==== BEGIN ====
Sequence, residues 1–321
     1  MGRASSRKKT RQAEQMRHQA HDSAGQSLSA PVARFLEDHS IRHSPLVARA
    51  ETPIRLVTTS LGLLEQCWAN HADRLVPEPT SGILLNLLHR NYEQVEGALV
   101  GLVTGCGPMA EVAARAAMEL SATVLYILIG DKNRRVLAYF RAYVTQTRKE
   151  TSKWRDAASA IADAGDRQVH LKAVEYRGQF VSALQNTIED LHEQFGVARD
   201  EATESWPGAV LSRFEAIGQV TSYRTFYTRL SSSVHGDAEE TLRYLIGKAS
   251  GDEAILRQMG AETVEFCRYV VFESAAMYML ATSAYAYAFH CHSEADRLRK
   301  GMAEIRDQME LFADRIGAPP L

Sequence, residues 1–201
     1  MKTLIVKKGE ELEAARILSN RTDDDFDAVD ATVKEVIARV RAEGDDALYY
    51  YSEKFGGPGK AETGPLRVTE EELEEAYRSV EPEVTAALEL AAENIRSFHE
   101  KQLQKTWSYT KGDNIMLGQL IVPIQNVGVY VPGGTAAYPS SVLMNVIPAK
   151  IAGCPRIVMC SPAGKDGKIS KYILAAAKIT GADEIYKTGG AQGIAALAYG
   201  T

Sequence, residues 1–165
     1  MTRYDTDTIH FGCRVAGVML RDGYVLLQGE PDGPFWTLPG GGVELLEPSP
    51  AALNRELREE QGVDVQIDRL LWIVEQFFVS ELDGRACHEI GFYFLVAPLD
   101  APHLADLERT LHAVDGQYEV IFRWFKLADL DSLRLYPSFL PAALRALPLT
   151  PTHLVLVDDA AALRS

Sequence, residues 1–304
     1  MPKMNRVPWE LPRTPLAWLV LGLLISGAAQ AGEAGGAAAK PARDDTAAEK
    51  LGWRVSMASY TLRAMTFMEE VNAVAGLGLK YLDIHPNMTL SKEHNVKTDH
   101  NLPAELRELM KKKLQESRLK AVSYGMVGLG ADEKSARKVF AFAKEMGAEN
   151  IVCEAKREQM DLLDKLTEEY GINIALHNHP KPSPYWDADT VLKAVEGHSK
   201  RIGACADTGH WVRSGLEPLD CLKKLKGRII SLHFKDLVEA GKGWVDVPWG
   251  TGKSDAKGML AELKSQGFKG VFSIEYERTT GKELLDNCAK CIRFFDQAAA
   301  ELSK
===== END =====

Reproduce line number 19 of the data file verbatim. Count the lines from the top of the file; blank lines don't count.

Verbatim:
   151  PTHLVLVDDA AALRS